Archive for the Baquazhang Category

10 Questions with Master Hai Yang

Posted in 10 Questions, Baquazhang, Internal Arts, Taijiquan, Xingyiquan with tags , , , , , , , , , , , , , on March 25, 2011 by Combative Corner

Master Hai Yang is an amazing martial artist and teacher from Montreal, Quebec, Canada.  The CombativeCorner got to know of him through his videos on YouTube.  What caught our eye was his strong, fluid and explosive Xingyi forms.  Little did we know that he’s well-versed in Chen Taijiquan and Baquazhang as well!  He has been running the Center for Wudang Internal in Montreal since 2001.  To learn more about Master Yang and his school, visit his website at InternalStyle.Com.  To view is YouTube Channel, simply click on the graphic above.

What was life like when you were younger? Did you always know you were going to be a martial artist?

I was born in 1968. When I was a child life was totally different compared to now in terms of lifestyle and living conditions. I was born in the city of Tianjin (beside Beijing), which had been a hot bed for development of internal martial arts, especially for Xingyi and Bagua. So, I had much more opportunities to experience direct teachings from some famous masters. Also I had the chance to learn some styles and practices which have begun to disappear.

China was very poor back then. We did not have many choices for entertainment. There was no Internet and no big screen TV (i.e. there was TV but only 2 channels). There were a lot of movies, but mostly communist revolution related. So in Tianjin, it was very popular to practice martial arts. I still remember clearly that during the summer time in my living area (Hedong district, many famous Xing Yi master lived there), you could see martial art demonstrations on the street every night, which is like summer music festival in North America.

In my family, there is a tradition in which each generation would have one person practice these arts in order to maintain the family practice. I was the only child who was chosen by my grandparents. So, I did not have any idea of why I had to practice and what I would do with this training in the future, because all I could do was follow what they told me to do.

With time, I found out that there’s so much fun in practicing. Therefore in my 20’s, I began to have the dream of having my own martial art school.

If martial arts and teaching hadn’t been such a big part of your life what would you probably have done for a career?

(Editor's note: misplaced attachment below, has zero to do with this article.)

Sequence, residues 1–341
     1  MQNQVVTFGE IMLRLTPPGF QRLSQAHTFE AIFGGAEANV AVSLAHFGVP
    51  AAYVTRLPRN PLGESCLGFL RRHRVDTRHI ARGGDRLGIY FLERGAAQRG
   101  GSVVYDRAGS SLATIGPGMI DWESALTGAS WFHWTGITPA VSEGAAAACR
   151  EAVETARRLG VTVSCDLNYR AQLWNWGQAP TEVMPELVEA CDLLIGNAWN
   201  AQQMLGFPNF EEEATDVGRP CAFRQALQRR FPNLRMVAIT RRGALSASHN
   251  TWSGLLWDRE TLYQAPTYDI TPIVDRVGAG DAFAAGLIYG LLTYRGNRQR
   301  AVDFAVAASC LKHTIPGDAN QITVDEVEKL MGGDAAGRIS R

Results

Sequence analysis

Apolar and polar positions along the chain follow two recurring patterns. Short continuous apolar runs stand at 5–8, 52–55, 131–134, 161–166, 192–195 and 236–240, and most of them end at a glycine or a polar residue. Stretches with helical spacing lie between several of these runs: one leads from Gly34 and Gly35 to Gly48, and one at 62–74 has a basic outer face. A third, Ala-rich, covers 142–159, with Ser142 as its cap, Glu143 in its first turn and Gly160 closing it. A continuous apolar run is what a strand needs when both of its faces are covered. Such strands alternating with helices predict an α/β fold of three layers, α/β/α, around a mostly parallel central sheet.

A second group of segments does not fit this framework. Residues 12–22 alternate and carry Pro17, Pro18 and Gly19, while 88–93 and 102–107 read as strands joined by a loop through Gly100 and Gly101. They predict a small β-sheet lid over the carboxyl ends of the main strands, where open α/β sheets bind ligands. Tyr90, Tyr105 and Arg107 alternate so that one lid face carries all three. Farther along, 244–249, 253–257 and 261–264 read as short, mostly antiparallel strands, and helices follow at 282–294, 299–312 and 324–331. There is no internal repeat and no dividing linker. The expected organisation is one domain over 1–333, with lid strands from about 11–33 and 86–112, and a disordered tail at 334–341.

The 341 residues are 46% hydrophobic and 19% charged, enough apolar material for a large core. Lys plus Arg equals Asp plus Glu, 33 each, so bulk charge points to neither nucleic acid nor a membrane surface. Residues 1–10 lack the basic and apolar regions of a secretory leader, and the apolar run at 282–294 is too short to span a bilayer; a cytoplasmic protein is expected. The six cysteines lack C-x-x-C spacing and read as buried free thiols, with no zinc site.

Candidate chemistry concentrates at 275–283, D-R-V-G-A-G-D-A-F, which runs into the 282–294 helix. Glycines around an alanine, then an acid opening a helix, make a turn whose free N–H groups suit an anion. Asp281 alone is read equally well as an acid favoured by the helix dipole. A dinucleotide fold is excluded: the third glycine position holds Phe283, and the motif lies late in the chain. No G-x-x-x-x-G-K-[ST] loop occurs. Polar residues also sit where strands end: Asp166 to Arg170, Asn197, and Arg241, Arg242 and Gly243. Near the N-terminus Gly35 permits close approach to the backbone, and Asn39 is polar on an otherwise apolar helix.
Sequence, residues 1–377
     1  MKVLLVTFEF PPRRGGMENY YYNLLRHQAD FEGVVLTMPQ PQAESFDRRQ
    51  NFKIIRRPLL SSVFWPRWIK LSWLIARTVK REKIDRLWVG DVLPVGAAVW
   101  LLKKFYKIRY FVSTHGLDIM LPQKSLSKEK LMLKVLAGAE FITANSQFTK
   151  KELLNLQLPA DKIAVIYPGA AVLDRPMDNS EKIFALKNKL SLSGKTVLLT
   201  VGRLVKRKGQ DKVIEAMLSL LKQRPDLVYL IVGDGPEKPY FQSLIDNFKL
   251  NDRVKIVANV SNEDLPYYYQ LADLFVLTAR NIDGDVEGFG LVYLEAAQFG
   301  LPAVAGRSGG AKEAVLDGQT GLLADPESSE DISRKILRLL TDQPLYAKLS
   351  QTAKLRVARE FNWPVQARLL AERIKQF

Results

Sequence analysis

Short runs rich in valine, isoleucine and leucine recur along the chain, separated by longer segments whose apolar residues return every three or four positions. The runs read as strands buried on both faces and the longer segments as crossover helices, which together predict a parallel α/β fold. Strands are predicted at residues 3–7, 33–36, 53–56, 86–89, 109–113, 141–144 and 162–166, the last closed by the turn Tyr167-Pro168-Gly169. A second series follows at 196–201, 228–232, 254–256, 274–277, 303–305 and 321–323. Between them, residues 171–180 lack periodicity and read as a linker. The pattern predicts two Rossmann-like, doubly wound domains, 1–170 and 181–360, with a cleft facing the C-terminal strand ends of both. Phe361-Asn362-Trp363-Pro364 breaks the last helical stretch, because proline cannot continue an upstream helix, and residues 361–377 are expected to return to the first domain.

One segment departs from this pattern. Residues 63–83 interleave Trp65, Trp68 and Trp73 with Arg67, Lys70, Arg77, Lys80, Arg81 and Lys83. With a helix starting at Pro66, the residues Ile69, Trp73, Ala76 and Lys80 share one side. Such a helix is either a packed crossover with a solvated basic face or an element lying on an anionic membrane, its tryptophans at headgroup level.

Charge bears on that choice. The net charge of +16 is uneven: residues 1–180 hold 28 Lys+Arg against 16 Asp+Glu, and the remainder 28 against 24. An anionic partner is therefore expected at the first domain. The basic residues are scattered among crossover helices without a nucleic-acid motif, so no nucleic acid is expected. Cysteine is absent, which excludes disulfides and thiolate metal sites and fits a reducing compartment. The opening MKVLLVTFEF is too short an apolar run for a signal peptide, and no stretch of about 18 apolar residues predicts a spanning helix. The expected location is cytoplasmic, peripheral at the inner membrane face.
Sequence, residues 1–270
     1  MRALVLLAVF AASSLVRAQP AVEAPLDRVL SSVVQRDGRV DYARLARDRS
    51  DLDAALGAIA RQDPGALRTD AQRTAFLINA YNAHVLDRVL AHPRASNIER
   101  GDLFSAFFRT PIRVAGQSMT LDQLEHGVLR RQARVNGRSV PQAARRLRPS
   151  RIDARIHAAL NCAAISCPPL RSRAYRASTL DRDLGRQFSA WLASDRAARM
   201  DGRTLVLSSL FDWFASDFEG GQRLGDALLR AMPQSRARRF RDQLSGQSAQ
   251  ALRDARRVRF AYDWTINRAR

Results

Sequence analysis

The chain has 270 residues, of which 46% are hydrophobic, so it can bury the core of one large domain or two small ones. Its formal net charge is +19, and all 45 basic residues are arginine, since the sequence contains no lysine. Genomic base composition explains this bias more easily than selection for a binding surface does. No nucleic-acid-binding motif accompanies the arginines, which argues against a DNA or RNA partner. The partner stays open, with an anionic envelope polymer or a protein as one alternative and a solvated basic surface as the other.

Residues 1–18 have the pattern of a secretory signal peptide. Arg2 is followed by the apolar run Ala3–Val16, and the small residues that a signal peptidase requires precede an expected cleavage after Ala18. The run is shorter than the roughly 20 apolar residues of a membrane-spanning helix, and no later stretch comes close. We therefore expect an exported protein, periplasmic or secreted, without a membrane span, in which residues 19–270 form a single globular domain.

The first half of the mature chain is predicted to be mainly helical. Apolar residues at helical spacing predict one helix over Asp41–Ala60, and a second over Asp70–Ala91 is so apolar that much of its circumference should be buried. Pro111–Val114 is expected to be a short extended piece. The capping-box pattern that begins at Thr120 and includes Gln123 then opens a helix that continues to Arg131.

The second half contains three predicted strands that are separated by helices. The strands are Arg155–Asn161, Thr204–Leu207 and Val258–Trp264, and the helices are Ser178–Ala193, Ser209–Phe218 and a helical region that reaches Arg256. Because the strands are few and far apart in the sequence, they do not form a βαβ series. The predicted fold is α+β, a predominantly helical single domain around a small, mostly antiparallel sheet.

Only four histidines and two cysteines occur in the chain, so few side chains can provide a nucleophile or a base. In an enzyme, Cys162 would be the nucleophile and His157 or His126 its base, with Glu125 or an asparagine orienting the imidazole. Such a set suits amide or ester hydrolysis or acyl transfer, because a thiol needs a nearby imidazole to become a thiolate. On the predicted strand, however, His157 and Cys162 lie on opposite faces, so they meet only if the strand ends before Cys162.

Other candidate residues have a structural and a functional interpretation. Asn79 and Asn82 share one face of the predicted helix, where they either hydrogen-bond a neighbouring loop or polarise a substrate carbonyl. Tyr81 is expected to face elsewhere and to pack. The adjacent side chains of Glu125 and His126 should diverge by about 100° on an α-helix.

In China, I have obtained two degrees at two universities; one was in engineering and the other one was in Chinese medicine. Teaching martial arts was my hobby. I began teaching when I was 18 years old, but still, it remained as a hobby. After I moved to Canada, I realized that my life would be much more interesting if I had worked as a martial arts teacher. So instead of trying to find a job in IT or Chinese medicine, I just opened my own martial art school in Montreal.

So, what would I have done if I hadn’t devoted myself to teaching martial arts as a career? I think that I’d probably focus on Chinese medicine. I still am currently practicing Chinese medicine as part of my “hobby” here. I do not think we can separate these two practices totally because they are from the same fundamental root.

What is your favorite aspect of teaching others Xingyiquan, Taijiquan & Baguazhang?

I like the straightforwardness of Xingyi, the subtlety of Taijiquan and the fluidity of Baguazhang. More importantly, I like the diversity of each style and the common characteristics of them as a whole.

When I practiced in the beginning, I was told to maintain the distinctive characters of each style and I did exactly that. Lately, I realized that it is very beneficial and helpful to combine some basic principles of these 3 styles together. This idea is very useful during teaching. So, I always tell my students what the manifestation of the other styles are in order to realize the same result through the one they are learning.

So, simply speaking, I can say that I love all of these three styles equally. It is not because that I lost myself in front of the richness of these arts, I try instead to abstract the essence from these three styles and apply them into my teaching.

As a student of the martial arts, is there an area in which you feel you excel more? (and do you give equal attention/time to each style of your martial arts training?)

As I mentioned in question 3, I love them equally.

In chronological order, I started Xingyi training first, then as a teenager, I began my Baguazhang practice. Finally, in my late teenage years, my grandfather taught me Taijiquan (Yang style first, then switched to Chen style under my uncle’s tutelage). Right now, I mainly focus on the Chen style Taijiquan practice.